For me, it is one of the most informative reviews about Blechacz's album Debussy Szymanowski. I feel very appreciative of .
Rafał Blechacz’s latest album
Rafał Blechacz's latest album combines the music of Claude Debussy and Karol Szymanowski. Impressionism to Expressionism. The creation of pieces at the same period, but two completely different worlds. Stressing the sharp contrast enhancement was one of the main purposes of the artist.
Compositions included in the CD are those Blechacz has in his repertoire for many years. They are less played works of both artists. While Pour le piano, Estampes and L'Isle Joyeuse by Debussy lived to see a relatively large number of recordings, to mention only Gieseking, and Richter, Prelude and Fugue in C sharp minor and the Piano Sonata in C minor op. 8 by Karol Szymanowski, except for the one recorded for Polish Radio by Jerzy Godziszewski, are generally not available in the global record industry. The greater applause for Rafał Blechacz, because it is through him that early, and the great works of Szymanowski will go to a wide range of music lovers.
At this point I wish to express an opinion, for which I take full responsibility: Karol Szymanowski's Piano Sonata is a masterpiece! In its first part of classic structure of sonata allegro, it’s possible to constitute essence of expressionism of those days; it’s extremely turbulent, vibrating, cumulating in a myriad of, often conflicting, emotions. This risky piece does not give respite for the performer or for the listener. Throughout sensations in the movement’s development (numerous dynamic changes), it requires constant concentrated attention. And how wild it is in Blechacz’s performance! The second part of the sonata has the rondo structure with extremely dramatic paragraph in the middle. By keeping beautiful melodic lines, Blechacz felicitously demonstrates Chopin’s lineage here. Part Three (Tempo di Minuetto), in turn, has plenty of irresistible charm. Blechacz plays it in a way to directly touch the heart. Crowning work of Fugue is in principle the final, fourth part of the Sonata. It is a powerful scale fugue of three voices, consisting of two themes. And what we have here is the harmonic mastery. I would like to draw your special attention to one moment: the chord in 612th bar, which after a series of breakneck octaves sounds like a revelation! The entire Fugue is a very impressive, brilliant final composition by young Szymanowski! The mastery work is further highlighted by the excellent interpretation of Rafał Blechacz. In the fourth part the artist has not only shown a real virtuosity, but also excellent spatial, polyphonic and structural thinking: here everything is perfectly balanced.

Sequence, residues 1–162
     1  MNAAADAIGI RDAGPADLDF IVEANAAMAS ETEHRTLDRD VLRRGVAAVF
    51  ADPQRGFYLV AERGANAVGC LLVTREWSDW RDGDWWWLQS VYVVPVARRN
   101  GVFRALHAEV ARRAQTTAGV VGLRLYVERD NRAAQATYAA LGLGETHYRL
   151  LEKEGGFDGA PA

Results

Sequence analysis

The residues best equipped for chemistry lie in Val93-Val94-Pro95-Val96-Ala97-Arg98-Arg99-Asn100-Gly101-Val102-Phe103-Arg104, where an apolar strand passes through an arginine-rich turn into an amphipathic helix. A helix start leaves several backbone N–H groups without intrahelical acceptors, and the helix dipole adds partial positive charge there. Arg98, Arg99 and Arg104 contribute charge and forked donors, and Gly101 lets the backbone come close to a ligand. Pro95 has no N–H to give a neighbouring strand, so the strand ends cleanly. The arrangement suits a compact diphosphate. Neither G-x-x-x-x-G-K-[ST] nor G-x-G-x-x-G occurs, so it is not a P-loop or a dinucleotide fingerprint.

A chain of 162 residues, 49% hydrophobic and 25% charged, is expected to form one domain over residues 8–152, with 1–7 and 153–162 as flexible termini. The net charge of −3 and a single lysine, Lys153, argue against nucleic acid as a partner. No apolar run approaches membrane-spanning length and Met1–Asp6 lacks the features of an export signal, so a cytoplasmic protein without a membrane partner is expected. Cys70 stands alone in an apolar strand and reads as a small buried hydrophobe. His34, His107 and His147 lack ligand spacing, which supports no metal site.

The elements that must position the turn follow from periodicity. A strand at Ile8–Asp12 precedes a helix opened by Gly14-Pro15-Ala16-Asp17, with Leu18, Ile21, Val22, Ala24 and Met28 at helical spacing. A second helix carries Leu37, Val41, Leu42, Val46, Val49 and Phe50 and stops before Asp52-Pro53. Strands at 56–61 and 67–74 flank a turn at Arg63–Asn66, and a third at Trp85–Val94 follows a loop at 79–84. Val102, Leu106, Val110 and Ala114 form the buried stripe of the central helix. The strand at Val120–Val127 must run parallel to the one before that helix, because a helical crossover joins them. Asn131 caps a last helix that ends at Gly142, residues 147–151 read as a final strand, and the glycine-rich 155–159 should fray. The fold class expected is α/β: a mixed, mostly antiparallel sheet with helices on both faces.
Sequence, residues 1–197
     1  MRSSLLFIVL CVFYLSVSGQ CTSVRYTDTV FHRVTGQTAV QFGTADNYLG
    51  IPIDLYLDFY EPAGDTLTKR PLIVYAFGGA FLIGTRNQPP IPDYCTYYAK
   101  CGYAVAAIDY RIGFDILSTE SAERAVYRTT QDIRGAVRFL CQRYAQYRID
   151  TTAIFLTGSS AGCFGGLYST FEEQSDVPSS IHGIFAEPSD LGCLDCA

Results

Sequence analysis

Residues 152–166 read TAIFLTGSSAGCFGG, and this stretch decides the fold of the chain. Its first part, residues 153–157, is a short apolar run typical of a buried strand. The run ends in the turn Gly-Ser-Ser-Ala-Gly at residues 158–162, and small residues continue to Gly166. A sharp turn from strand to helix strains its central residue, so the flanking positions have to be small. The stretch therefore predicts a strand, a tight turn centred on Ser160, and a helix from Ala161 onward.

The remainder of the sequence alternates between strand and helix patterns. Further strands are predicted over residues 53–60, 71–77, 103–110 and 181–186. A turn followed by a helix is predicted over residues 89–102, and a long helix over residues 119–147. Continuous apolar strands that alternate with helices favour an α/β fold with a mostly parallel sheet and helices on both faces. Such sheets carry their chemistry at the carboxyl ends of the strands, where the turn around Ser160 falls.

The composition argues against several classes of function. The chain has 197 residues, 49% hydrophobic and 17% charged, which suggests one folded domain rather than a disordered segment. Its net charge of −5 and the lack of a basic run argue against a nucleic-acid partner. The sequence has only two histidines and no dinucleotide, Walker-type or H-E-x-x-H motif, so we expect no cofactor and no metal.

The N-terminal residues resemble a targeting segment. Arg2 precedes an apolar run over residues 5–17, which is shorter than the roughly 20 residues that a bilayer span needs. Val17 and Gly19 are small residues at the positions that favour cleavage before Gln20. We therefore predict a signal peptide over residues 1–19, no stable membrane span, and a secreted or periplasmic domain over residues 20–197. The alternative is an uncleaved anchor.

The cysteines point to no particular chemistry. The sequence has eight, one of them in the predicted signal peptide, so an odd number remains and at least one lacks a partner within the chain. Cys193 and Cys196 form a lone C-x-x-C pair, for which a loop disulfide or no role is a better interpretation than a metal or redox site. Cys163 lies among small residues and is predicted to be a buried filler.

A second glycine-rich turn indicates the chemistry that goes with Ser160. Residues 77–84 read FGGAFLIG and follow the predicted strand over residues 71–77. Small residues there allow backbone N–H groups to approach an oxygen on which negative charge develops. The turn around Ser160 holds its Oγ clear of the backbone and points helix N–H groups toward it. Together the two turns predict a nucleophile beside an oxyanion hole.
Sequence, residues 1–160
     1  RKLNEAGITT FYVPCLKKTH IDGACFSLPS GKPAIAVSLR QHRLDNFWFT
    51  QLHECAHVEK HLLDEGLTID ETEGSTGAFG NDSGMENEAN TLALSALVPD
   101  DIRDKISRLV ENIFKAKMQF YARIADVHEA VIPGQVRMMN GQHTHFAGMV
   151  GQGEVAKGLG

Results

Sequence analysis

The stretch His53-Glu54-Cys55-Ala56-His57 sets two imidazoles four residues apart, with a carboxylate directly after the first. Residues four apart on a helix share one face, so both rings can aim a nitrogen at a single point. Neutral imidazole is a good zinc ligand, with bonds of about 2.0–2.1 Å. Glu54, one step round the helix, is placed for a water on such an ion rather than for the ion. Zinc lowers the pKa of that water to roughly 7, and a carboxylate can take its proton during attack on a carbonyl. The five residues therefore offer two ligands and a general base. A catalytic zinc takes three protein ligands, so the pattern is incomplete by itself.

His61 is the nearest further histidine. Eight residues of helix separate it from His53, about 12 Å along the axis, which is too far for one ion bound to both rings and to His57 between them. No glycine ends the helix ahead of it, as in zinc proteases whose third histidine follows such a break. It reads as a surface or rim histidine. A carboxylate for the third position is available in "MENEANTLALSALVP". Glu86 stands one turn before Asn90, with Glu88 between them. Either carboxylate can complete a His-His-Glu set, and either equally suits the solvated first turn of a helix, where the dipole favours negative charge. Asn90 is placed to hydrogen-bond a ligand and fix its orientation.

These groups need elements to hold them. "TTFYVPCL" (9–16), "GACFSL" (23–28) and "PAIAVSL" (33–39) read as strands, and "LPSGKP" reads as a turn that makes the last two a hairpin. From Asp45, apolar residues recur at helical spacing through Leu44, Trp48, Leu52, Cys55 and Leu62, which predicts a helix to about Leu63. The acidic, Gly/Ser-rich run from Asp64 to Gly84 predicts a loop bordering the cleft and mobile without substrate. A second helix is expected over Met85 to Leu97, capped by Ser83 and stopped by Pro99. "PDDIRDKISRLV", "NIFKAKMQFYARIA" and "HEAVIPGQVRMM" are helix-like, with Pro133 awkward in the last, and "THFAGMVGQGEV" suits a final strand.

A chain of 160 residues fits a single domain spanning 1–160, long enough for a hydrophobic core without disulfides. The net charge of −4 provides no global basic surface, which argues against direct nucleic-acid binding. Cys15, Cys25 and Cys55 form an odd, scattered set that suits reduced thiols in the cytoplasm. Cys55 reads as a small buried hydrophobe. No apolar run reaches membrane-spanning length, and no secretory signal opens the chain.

|612th bar, deeply impressive|
First of all Blechacz does not analyze, does not strip the work of prime factors, does not learn to work together with the listener, but he tells the listener, explains. This is the type of artist who has performed works in a well-designed and thought out manner. This is reflected both in the works less known by listeners, as early works by Szymanowski, as well as the music of Claude Debussy.
Here Blechacz sound is pure like water on the glass plate, and the same sounds do not come from the laboratory. Performance is very pianistic, without breaking with tradition; neither of the great traditions of performing works by Debussy, nor the traditions of the music of Debussy, which after all stems from Chopin, from Romanticism. In Pour le piano Blechacz’s sound is lucid, crystal clear and warm at the same time. His interpretation is somewhat modest, restrained and extremely mild, characterized by great sensitivity. Rafał Blechacz is listening to every sound that comes from his fingers ... The same can be said about his interpretation of L'Isle Joyeuse. The execution of the cycle Estampes provides further impressions. The pace of Pagodes is perfectly balanced: 5'00" (compared to the" condensed "Gieseking: 4'10" and analyzing Richter: 6'10 "). And how beautiful and soft trills are here! The Evening in Granada the artist emphasizes Habanera rhythm in a great way, which is sometimes quite sharp (left hand, from 7th bar). In turn, in the Gardens in the Rain, under the fingers of Blechacz, rain heavily beats: sixteenths are played short, and the piece sounds punctual and polyphonic at the same time. A very interesting concept and a very suggestive interpretation!
Non plus ultra! (=The very best, the utmost supremacy)